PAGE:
The Labour Party has made positive proposals to address these issues to get our economy moving again. The Government, however, has consistently chosen to ignore them. This legislation would provide some immediate relief to businesses experiencing the sharp end of the Government's economic mismanagement and going some way towards halting the haemorrhaging of jobs in the retail sector.

We are not proposing, as the Minister claimed last night, a wholesale assault on property rights. It is far from it. Our legislation is a measured and proportionate response to the perfect storm that has beset our economy. Our legislation provides for a two-year period, in which rents under existing leases may be reviewed downward, upward or remain the same. This is simply to allow viable businesses and their landlords to negotiate a realistic market rent, which reflects the prevailing economic climate.

We are not asking that landlords accept less than the market rate for their property. Rather, we are proposing the market be allowed to find its level in a way that is equitable for both landlords and tenants. As the law stands, it is only tenants who are feeling the full brunt of market economics while landlords are cosily protected. As one business owner in my constituency wrote——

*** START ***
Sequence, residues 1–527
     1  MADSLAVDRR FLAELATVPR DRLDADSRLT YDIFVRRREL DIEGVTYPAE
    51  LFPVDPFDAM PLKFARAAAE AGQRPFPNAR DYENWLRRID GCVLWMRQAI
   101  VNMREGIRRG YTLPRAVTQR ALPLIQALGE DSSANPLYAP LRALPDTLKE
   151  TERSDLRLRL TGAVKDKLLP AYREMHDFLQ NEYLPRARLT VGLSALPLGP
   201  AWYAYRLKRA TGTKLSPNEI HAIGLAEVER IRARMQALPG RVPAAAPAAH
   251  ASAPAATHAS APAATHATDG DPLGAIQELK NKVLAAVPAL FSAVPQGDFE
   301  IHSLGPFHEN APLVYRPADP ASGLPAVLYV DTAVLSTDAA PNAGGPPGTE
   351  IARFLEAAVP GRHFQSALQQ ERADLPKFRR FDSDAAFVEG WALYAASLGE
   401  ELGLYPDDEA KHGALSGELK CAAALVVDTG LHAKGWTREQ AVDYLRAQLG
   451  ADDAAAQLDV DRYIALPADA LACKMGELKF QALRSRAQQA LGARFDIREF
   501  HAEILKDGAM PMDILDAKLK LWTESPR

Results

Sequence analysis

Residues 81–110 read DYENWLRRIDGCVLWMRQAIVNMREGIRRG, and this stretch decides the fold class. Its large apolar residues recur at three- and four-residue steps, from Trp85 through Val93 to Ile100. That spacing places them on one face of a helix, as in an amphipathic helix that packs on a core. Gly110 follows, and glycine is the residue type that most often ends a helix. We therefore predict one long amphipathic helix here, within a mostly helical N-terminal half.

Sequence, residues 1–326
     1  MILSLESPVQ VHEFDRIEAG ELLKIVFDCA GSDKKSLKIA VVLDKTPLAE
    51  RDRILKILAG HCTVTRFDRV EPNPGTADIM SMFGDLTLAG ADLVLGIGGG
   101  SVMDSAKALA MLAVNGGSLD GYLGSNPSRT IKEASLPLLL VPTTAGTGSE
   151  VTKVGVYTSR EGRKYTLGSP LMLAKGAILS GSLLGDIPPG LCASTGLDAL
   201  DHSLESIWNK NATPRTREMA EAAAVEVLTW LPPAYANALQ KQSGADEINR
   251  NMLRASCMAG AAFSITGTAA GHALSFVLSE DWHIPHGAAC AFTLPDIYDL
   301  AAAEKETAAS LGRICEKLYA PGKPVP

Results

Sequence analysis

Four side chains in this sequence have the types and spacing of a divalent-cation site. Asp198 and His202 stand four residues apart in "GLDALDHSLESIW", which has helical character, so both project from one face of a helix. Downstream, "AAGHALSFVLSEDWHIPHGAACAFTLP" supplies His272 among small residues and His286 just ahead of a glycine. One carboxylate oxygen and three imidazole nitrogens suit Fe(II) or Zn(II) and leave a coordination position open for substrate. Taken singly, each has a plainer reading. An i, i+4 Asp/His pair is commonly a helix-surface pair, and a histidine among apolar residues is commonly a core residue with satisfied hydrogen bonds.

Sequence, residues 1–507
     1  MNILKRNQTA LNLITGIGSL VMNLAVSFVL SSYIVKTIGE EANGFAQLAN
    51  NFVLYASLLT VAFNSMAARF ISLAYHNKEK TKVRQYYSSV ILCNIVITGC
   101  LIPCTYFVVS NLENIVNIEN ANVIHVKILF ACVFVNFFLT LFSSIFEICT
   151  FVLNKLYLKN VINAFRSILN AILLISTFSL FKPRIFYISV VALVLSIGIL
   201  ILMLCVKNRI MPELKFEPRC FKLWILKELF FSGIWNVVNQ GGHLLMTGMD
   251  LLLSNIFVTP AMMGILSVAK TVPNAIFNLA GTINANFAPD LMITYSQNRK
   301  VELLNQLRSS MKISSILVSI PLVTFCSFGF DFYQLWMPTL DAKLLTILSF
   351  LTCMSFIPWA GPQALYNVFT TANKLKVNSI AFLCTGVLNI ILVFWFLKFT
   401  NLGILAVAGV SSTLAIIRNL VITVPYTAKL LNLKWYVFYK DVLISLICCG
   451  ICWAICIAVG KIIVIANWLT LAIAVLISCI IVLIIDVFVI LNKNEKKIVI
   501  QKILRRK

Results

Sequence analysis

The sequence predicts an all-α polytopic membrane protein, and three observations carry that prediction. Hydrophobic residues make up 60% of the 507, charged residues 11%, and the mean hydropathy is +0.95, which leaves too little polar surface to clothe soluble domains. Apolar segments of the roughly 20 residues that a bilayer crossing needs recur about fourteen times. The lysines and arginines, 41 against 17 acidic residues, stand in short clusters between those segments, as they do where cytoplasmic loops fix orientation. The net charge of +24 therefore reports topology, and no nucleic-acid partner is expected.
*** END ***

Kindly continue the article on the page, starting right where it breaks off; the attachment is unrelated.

Will Deputy Gilmore give way?

No. The Minister did not bother to attend the full debate. He just came in at the tail end.

Please allow Deputy Gilmore to continue without interruption.

A Labour Party Deputy suggested we compensate landlords.

Please allow Deputy Gilmore.

Does Deputy Gilmore agree that we compensate landlords?

I suggested a nominal compensation as a way of fixing the constitutional problem.

Deputy Gilmore, despite all his rhetoric, will not answer that question.

Please allow Deputy Gilmore without interruption. Deputy Gilmore is in possession and Members will not be shouted down.

I want to put this to the Minister. He and some of his colleagues came into the Chamber yesterday claiming the Labour Party was offering false hope. People whose businesses are to the wall need some hope.